British producer, DJ and muscian Joshua Steele, or as he’s better known, Flux Pavilion, has returned from the US based segment of his ‘Freeway’ tour to complete it with a number of gigs here in Britain. The tour marks the end of an eventful year for the artist, having released two EPs, Blow The Roof, and Freeway.
Supporting Flux Pavilion, was Canadian producer DATSIK, most well known for his hardcore dubstep tracks. Upon entering the O2 Academy Bournemouth, the effect of his heavier style was immediately apparent. A large number of guests stood awkwardly around the busy venue, as they tried to figure out what they were listening to. Further in however the energy was palpable. DATSIK bounced in the shadows of the stage, behind his decks dealing out one aggressive tune after another. Though it was apparent that his music didn’t appeal to everyone, the majority of the crowd filled the center of the venue, moving as one huge mass to song after song. I was skeptical that DATSIK’s set would become monotonous due to the similarity of some songs, yet this were nicely interspersed with movements into trap and gangster, whilst his classic dubstep in contrast was dark and rhythmic, and at times incredibly atmospheric.
Following DATSIK’s set, was a long pause before Flux Pavilion’s set, especially considering how short a DJ changeover should be, and unfortunately a lot of the crowds energy and excitement that had been built up by Datsik was lost. Upon taking the stage, however, Flux Pavilion immediately seized the audiences attention as he cued the sing-along anthem, ‘The Scientist’ and in a refreshing turn of events sung the vocals live, rather uncommon for a DJ. Having heard Josh express an interest in developing the incorporation of live elements, besides mixing, into his set, during a recent interview with The Edge, it was really gratifying to see the steps he was already taking to apply this to his existing performance.
Flux Pavilion delivered his set from an impressive high tech stage rig, with strobes, lasers, seven tall LED boards, displaying graphics, and his huge personalized light-up booth. This high tech setup was brilliantly juxtaposed against the classical architecture of the O2 academy’s old opera hall, making the gig feel really unique.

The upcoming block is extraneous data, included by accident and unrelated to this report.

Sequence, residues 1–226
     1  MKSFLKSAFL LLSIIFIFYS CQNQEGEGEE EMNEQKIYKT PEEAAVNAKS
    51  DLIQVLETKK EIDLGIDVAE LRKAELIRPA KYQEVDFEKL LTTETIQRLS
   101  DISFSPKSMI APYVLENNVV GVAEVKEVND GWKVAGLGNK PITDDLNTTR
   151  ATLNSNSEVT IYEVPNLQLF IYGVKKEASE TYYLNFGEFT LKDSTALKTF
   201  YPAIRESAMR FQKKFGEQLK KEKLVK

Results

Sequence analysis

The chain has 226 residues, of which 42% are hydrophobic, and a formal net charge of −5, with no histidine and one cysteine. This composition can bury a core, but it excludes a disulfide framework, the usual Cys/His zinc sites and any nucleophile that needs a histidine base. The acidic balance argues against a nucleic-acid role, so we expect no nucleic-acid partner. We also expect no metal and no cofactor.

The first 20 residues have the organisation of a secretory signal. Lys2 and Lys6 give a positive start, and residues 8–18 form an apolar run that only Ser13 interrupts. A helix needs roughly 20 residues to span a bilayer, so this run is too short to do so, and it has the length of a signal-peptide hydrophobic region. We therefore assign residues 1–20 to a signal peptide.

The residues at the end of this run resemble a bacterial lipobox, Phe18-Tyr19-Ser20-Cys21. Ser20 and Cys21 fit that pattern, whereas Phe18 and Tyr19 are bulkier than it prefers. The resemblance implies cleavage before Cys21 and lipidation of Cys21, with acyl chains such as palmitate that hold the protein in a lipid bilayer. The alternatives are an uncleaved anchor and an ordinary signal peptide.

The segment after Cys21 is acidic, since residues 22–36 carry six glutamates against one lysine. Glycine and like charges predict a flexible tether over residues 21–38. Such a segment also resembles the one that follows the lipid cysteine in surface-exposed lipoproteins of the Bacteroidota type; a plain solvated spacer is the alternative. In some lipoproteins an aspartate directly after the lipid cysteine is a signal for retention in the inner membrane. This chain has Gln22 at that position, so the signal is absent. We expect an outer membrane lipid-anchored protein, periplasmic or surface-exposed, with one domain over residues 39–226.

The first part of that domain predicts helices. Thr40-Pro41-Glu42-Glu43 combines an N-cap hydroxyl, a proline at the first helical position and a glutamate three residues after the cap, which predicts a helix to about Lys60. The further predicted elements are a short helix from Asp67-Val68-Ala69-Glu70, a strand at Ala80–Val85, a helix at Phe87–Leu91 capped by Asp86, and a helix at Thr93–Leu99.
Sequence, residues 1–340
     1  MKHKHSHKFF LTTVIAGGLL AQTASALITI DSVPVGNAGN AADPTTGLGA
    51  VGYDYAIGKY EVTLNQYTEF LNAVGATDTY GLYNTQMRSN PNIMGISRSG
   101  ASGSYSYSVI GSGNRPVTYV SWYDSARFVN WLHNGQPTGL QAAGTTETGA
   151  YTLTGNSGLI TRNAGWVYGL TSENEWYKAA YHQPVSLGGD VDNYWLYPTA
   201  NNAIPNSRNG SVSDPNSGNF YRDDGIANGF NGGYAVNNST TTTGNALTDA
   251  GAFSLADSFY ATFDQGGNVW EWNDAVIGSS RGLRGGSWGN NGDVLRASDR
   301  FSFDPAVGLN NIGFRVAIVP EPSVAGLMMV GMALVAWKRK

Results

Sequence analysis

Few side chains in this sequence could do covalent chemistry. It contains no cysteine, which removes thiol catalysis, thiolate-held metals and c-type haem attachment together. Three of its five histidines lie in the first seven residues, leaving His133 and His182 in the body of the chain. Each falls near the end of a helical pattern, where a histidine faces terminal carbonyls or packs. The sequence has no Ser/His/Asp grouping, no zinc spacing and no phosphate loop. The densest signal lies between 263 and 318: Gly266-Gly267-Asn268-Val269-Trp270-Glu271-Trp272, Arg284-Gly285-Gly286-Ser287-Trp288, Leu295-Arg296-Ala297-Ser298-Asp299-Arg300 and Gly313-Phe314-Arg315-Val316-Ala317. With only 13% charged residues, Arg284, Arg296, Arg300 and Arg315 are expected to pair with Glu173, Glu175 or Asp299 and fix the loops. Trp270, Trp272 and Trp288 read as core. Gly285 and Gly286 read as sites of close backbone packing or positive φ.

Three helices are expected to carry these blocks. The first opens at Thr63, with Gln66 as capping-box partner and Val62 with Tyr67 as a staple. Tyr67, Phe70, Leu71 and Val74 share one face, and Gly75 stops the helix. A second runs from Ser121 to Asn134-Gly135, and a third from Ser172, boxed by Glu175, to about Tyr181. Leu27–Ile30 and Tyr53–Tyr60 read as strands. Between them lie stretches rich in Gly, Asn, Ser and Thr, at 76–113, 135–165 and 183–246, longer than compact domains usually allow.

Considering the added handicap presented by his recent injury to his arm, Flux Pavilion’s mixing was still very impressive, despite only being able to use one arm. He blended new tracks from his most recent EP, Freeway, ‘I’m The One‘ and ‘Steve French‘ brilliantly, effortlessly moving the crowd from Moombahton to House. As the set progressed, it did at times feel a little formulaic, as songs were built into beat rolls, before a pause, vocal sample and then a drop; this began to become repetitive. Later however Flux began to impress again as he built up from a brief injection of trap into ‘Jump Back‘, featuring Foreign Beggars, their lyrics lending venomous power, especially as it was looped into a call to the audience to ‘Jump’ as he readied his next drop.
Flux Pavilion brought his set to a close in true style delivering the title track ‘Freeway‘ from his latest EP, once again singing the vocals himself, this time really captivating his audience. As a finale this performance worked perfectly, and was met with great cheers even after Flux Pavilion left the stage. Returning for an encore, he once again proved the popularity of UK drum and bass as ‘Gold Dust‘ was welcomed enthusiastically.
To see DJs really impose on such a large indoor venue, filling a what was once a dance hall, with energy was breathtaking. DATSIK particularly impressed as a support act, due to the response he generated as he toyed with his crowd and the (surprising large) contingent of devoted fans he had in the audience, with his unavoidably engrossing sound and rhythm. Thanks to the stage production, his skills on the decks, and the incorporation of his own vocals, Flux Pavilion’s set was everything a DJ of his caliber’s set should be: impressive, technical and innovative.